Scottish spontaneity

At the College of William and Mary, much of what we’re taught as students is learning when to say no to being irresponsible, such as taking a night in to study when you’d rather be out. While this has been an important skill to learn, Scotland has been teaching me when to say yes. The real moment came when a friend of mine from Germany texted me and asked if I wanted to go to the Isle of Skye next weekend. Initially, I thought I should say no since I’m spending this coming weekend in the highlands; instead, I said yes.

Studying abroad, as I mentioned last week, means a lot of putting yourself out there when you’d rather stay in with a cup of tea, warm blanket and your Netflix subscription. To add to that, it almost means knowing when to take off and enjoy yourself — often much more than back home. This is made a lot easier because of the style of homework in the UK; instead of being in Small Hall until 3 AM several nights a week working on the weekly problem set, we have two weeks to work on much shorter problem sets that can actually be finished during the day. A stack of reading makes up for the shorter problem sets, but this is much more manageable and can often be done by the beach while watching the tide come in and hastily google-translating some words from German.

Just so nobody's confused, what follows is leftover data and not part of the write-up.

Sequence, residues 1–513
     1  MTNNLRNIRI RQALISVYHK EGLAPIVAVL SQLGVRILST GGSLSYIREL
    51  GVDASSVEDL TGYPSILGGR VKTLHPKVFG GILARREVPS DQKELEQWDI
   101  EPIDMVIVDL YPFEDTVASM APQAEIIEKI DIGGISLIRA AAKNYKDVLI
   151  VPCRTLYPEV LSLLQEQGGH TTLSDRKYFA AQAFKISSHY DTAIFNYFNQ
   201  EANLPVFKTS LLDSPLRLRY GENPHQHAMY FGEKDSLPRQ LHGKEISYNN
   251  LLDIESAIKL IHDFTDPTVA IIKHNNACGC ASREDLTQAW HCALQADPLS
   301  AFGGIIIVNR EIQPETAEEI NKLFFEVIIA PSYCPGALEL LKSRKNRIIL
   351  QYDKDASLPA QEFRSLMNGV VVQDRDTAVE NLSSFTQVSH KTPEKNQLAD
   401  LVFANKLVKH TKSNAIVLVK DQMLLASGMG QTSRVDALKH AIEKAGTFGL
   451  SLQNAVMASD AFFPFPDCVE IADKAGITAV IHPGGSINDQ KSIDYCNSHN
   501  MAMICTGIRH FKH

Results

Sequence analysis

Aside from taking off and running helter-skelter all over the country, saying yes when in doubt has become quite a useful thing. In small group tutorial sessions, being here only for the year means that I really don’t care if I’m judged for asking a possibly stupid question (and accidentally finding out I’ve stumbled upon the idea that the Higgs mechanism works because of superfluidity in the Higgs field). On the other hand, saying yes has allowed me to discover that the local late-night Turkish kebab place can make passable poutine, so it really comes down to what you value as success (hint: I’m squarely on the side of poutine).

Finally, my last two successes in saying yes came publicly and privately, respectively. The first, and by far the more interesting of the two, is that one of my I-think-academic-aunts-but-could-be-just-a-friend-of-my-academic-mum interviewed me for an article about Americans at St Andrews (while only 10% of the student body, it appears to be the loudest and proudest 10%) to appear in The Saint, The St Andrews student newspaper. Lastly, I was in Tesco today contemplating what to eat for dinner, since I’ve got 5 slices of cheese and a bit of cider to my name at the moment, when I was met with what I was sure I would never see again if I didn’t pounce on it immediately: haggis pizza. I carried it home with pride and trepidation and I am pleased to report that it was actually excellent, making saying “yes” worthwhile yet again.


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